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Equities: Time to take stock!
November 29, 2004 15:53 IST
The past twelve months have brought about a host of challenges for the global economy to maintain the string growth momentum that was witnessed in the preceding period (before November 2003). Everything -- crude prices, inflation and interest rates -- seemed to be rising.
In India's case, apart from these factors, there was one more challenge - change of power at the Centre. And when the incumbent government was replaced (quite unexpectedly) by a Left-supported coalition, the doomsayers emerged from their shells to spell a tough future for the country!
As a result, the markets reacted sharply (remember May 17, 2004?)
In the backdrop, the crude prices continued to move up. While it is a subjective matter whether the rise has been demand-led or supply-led, the fact of the mater is that global economic growth has been impacted, though not severely.
This rise in crude prices has then fueled high inflation that has consequently led to the global central banks resorting to raising interest rates. The increase in interest rates in some key economy was also to soften growth in retail credit.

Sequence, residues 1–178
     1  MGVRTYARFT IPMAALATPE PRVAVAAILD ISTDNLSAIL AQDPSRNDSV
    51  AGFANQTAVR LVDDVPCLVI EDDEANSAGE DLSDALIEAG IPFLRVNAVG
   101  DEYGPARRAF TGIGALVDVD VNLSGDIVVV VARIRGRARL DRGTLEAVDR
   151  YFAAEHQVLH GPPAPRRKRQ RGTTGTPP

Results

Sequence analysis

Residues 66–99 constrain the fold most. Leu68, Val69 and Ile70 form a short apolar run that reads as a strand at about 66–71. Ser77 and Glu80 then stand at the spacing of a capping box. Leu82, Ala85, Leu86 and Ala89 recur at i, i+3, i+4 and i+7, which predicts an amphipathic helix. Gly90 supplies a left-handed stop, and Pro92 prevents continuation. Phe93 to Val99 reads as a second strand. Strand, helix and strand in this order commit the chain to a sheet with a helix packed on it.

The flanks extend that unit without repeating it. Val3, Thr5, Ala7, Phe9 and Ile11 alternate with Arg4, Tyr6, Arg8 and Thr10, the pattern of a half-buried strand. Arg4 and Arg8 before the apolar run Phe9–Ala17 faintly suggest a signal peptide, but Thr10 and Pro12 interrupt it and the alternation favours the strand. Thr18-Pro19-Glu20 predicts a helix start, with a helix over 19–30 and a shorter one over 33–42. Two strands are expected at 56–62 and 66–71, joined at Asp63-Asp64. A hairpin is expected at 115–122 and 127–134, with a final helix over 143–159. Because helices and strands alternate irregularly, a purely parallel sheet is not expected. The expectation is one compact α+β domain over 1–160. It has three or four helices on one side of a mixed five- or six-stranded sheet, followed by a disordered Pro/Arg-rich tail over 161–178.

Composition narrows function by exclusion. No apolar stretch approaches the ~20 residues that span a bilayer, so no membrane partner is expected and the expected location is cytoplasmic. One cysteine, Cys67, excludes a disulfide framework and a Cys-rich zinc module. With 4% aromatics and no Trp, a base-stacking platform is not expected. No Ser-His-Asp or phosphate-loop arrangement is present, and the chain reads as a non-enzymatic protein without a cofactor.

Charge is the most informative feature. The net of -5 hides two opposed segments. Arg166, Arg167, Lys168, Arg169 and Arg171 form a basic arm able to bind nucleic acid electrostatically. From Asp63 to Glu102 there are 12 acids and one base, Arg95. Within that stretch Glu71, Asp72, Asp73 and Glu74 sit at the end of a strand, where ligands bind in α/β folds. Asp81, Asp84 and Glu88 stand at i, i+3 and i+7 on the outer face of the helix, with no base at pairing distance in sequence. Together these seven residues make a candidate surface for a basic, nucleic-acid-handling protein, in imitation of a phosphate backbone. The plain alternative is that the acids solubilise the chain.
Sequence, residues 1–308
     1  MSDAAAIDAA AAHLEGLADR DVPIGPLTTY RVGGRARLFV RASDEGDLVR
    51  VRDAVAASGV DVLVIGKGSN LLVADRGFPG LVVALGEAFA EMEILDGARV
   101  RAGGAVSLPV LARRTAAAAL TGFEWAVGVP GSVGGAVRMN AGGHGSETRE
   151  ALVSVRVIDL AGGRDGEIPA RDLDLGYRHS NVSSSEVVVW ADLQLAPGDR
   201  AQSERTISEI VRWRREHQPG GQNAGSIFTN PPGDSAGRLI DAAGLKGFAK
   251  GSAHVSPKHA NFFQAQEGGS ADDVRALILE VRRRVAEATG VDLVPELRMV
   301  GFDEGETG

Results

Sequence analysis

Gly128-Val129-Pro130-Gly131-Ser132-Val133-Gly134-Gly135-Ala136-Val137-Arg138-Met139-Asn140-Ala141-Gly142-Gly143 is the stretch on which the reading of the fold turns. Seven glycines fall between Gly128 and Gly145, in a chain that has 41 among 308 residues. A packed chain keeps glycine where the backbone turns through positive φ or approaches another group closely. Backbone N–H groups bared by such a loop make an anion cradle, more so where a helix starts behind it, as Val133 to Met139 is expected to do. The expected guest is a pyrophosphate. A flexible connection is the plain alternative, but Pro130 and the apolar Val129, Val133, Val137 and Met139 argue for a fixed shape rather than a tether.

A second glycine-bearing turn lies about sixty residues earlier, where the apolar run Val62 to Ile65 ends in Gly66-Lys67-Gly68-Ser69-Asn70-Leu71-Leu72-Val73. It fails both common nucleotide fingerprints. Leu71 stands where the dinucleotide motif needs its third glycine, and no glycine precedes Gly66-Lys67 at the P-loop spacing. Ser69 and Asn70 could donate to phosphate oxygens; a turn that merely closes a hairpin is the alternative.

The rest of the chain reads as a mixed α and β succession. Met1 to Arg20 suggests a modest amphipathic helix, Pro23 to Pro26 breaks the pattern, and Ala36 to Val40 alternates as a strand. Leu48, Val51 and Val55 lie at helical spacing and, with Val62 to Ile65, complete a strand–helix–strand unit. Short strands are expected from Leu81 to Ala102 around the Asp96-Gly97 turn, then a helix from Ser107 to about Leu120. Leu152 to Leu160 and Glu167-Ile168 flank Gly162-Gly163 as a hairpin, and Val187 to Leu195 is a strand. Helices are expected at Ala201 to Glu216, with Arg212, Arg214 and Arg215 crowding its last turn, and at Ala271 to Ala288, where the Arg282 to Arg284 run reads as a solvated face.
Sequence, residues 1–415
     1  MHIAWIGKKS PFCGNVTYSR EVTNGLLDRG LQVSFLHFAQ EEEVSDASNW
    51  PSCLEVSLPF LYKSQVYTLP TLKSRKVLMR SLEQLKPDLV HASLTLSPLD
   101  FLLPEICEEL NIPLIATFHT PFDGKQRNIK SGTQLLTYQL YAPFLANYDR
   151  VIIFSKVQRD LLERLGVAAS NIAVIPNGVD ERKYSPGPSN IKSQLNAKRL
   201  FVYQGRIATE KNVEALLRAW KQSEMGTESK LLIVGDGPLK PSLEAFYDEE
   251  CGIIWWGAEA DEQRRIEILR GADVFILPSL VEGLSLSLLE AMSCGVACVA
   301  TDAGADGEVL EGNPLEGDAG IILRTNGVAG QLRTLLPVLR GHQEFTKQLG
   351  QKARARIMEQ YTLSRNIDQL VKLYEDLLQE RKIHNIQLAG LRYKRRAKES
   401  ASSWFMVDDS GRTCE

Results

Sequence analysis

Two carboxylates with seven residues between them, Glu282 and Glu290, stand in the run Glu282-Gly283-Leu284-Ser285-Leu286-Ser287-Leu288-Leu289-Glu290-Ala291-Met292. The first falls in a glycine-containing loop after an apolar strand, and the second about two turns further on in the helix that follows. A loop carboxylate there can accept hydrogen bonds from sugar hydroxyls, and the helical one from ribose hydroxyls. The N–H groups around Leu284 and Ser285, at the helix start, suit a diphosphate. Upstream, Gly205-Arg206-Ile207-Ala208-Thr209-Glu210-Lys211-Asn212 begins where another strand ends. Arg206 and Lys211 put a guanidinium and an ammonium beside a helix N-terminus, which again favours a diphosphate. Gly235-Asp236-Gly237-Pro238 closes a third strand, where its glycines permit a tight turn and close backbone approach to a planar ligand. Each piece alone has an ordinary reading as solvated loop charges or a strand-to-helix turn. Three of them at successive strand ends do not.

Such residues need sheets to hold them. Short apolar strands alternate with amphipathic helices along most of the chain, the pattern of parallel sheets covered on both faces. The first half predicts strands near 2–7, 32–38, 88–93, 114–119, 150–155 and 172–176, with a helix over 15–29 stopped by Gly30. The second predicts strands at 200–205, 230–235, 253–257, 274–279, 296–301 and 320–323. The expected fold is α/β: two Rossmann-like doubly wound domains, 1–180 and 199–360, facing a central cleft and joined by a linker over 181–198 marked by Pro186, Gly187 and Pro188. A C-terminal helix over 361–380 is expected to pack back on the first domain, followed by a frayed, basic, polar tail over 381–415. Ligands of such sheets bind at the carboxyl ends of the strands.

The Indian economy has also felt the reverberations of this rise in global crude prices, inflation and interest rates.
However, what we are witnessing now is the cooling off of inflation (measured by the wholesale price index, the WPI) in the economy, but still remaining at higher levels than seen in the past two years. The central bank has also indicated a rise in interest rates, this being a result of both high inflation and high credit offtake from both the retail and the corporate segments.
Now, despite these pressures on the interest rate front, Indian equities have outperformed the global peers during the past six months (see graph above).
The fact that the current UPA government seems to be reform-oriented (despite having support of the Left!) has given a fillip to the Indian markets that have also benefited from continued inflow of FII money.
For instance, in the year 2004-till date, almost Rs 301 bn ($6.6 billion) of FII money has flowed into Indian equity markets. And this has provided the bulls one more reason to believe that the Indian growth story has a long way to go.
As the markets hover around the 6,000 levels, it is time for retail investors to gauge their risk-return profile well as at these 'high' times, there are enough noises being made that the markets are going to cross much higher levels in the short-term period. Tread with caution!
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